I felt sick about it and sensed in my spirit that I had not only done Randy dirty, but more importantly, I had short-changed the Spirit.

    When I moved back to Abilene to begin my Masters, Randy preached that fall at Highland. I had never formally met him. I went right up to him (this is how I best remember it) after his message and confessed that I had basically repreached his message from my notes and memory and never given him credit. He was gracious and not condeming but he also never said, “Ah, it’s okay…” either.

    I still felt sheepish, but forgiven.

    As a point of clarification – I did not dress in a “Dr. Evil” all black suit while reserving up Randy’s stuff.

    As a result of this experience I now:

    Never preach other people’s material.

    Always say something really stupid that I regret while walking down from the pulpit. I do this as a favor to other ministers who might be tempted to steal my stuff.

    Thanks for the post Mike.

  27. January 4, 2007

    Hey guys, did everyone read my blog post from this morning at 5:19am?

    http://joelquile.blogspot.com/

    Looks like someone did!

  28. Lisa Shields permalink
    January 4, 2007

    I gotcha Mike. Do you remember that time at Jubilee when Rick Atchley started telling a story and then stopped and said(something along this line) Now this is a true story. It’s a bad thing when a preacher has to say this is a true story. – I believe it was the story about the christian college about to go under and the prayer about the cattle on a thousand hills belong to you Lord, now we need you to sale some of those cattle and send us the money, and sure enough during the prayer the secretary buzzes in and said there was a cattle rancher out in the foyer and he had just sold a truckload of cattle and felt led by the Lord to donate the money to the school. I always did find that story hard to believe. LOL.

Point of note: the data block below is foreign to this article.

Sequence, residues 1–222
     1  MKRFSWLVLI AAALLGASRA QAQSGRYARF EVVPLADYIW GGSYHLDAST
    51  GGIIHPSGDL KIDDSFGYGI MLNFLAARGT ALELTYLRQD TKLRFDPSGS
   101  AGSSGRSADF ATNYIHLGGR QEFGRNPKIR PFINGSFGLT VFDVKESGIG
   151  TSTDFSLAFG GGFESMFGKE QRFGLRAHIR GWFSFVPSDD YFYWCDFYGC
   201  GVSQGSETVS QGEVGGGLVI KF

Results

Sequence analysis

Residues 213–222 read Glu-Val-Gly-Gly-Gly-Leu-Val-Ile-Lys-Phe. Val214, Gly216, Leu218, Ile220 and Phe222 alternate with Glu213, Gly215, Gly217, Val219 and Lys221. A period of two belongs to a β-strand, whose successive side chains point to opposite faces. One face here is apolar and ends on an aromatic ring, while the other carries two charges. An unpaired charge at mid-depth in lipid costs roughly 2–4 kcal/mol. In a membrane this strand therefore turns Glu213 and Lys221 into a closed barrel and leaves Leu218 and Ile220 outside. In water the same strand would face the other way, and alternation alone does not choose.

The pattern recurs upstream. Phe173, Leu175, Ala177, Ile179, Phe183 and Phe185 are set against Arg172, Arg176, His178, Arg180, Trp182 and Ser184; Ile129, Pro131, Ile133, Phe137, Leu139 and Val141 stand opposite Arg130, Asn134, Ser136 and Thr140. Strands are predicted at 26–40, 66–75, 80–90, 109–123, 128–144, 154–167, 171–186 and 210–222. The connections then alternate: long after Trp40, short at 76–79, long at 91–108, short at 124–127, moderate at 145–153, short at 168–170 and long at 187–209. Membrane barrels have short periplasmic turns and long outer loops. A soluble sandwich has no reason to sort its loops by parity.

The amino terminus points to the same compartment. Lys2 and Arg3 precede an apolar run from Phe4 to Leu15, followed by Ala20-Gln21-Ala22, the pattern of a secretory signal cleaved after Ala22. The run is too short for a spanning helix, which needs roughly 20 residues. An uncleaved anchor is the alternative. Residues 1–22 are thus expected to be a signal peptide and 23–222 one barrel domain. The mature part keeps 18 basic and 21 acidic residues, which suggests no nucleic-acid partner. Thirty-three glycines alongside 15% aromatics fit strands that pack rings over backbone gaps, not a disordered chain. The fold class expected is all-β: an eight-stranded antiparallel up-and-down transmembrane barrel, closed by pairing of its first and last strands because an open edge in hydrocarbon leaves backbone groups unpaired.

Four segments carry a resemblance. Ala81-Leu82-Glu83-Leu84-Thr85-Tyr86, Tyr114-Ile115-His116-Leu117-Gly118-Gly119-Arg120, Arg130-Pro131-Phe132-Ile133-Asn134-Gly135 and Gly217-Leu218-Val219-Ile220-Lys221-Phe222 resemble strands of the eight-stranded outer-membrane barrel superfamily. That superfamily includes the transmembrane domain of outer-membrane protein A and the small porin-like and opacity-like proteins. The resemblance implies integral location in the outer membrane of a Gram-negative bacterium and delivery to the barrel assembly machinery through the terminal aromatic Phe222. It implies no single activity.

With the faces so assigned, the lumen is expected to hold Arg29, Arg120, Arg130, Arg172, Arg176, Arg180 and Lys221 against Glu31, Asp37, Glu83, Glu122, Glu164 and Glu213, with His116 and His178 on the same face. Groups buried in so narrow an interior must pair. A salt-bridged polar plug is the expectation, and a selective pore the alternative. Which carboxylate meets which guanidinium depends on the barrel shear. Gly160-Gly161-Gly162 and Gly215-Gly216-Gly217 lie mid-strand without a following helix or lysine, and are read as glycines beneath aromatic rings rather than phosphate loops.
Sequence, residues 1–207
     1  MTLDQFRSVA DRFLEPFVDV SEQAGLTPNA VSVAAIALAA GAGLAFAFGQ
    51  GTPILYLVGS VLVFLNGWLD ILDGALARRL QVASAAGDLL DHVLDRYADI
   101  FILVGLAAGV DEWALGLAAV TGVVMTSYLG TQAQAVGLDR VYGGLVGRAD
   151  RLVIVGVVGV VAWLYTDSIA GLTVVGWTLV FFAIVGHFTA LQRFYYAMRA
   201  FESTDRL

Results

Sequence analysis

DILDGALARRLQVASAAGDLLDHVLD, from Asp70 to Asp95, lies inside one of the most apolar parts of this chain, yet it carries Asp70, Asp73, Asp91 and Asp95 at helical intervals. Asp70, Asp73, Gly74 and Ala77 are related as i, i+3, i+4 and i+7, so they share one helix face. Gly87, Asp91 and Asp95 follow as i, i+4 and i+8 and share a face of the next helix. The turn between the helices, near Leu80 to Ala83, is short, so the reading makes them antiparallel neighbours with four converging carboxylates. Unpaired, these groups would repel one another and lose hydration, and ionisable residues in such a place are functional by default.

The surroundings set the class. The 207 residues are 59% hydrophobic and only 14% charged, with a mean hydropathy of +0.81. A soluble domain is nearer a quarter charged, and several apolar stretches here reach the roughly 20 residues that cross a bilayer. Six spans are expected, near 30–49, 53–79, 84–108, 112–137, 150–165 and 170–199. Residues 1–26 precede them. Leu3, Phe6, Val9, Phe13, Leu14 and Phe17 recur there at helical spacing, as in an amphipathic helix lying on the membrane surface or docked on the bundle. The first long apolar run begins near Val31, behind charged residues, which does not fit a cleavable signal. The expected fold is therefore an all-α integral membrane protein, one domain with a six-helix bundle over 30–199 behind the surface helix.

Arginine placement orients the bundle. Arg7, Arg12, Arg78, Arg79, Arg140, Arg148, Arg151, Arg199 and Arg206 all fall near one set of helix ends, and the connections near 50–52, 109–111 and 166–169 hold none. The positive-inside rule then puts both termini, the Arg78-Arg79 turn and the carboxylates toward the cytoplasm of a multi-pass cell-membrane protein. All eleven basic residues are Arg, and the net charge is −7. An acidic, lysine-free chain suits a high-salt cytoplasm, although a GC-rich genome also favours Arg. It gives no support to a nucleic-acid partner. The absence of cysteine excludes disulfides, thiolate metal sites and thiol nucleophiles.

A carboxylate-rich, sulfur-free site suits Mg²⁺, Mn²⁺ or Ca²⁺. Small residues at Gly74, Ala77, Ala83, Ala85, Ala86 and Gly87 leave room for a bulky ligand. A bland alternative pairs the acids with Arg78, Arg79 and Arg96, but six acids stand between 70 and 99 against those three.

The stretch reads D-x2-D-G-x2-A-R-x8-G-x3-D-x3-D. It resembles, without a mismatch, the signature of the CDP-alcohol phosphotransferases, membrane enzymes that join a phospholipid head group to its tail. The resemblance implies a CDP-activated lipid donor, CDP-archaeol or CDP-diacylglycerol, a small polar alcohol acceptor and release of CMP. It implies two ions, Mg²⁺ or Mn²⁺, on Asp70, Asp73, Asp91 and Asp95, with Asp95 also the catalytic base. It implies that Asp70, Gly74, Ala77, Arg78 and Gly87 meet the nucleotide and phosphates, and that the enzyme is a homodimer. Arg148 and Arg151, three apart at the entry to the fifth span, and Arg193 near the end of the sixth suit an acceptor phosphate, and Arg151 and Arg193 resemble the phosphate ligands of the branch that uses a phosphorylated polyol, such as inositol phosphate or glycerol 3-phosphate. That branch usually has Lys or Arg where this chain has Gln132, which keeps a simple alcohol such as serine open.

29. January 4, 2007

    Preaching is both art and exhaustive work. The shortcuts hurt both the preacher and the audience in the long run. Let’s just get back to the cross and stay there. Nothing else really matters anyway, does it?

  30. January 4, 2007

    Mike,
    What do you think of guys like Hybels, Rick Warren and others sells transcripts or offer free transcripts to be used and preached and websites like sermoncentral are they not to blame for alot of the problem?
    I believe Preachers should use the gifts and talents that they have been given. Give credit for sources, quotes, references, etc. Like You said, when I go to Highland I want to hear Mike Cope not Wade Hodges or Terry Rush. ๐Ÿ™‚

  31. January 4, 2007

    I wouldn’t mind hearing Wade Hodges or Terry Rush at Highland every once in a while… I think Mike would, too!

    But I see what you mean, preacher man. ๐Ÿ™‚

  32. January 4, 2007

    Chemistry has everything to do with preaching. That’s why so many preachers in local churches are not received as well when they speak “on the road” because the visited church does not know the life and times of the preacher.

    That’s why being yourself and speaking from your heart is so important. I am confident that every preacher at one time or another has given in to the temptation to take short cuts or regurgitate someone else’s material.

    One of the preachers that preceded me here used to take a tape recorder into the pulpit with him along with an earpiece. He would play a tape of someone’s sermon and preach his sermon from the other preacher’s sermon. I admit that takes some talent, but it also requires a lot of gall!

    When you preach from your soul, they will come!

    Peace.

  33. January 4, 2007

    Along with these three brothers [Cope, Hodges, Rush] we also hear a sermon now and then from Jerry Taylor. How blessed can one congregation be?? ๐Ÿ™‚

  34. Lisa Shields permalink
    January 4, 2007

    on a more serious note, I really understand what u r saying Mike. when I first began to fall in love with God. i read alot of christian lit, listened to many sermons , went to seminars and most importantly prayed and poured over scripture. In time I began to learn. The more I put into it the more illuminated scripture became. Sometimes I don’t know how I know what I know. Sure I realise A.W. Tozer taught me alot and I definetly can credit Lynn Anderson for much of my understanding about worship, but sometimes the lines blurr. Mainly what I’ve come to understand is the more I learn the more I come to realize how little I know. The Bible what a wonderful thing!

  35. January 4, 2007

    Part Letterman?!? How about Part Conan O’Brien, Part N.T. Wright?

    By the way, Mike, I really liked the post. You know Dr. Martin Luther King was indicted with Plagiarism. However, it turned out not to be as big a deal as everyone thought because in the end, they argued that it did not compromise his own originality and ingenuity.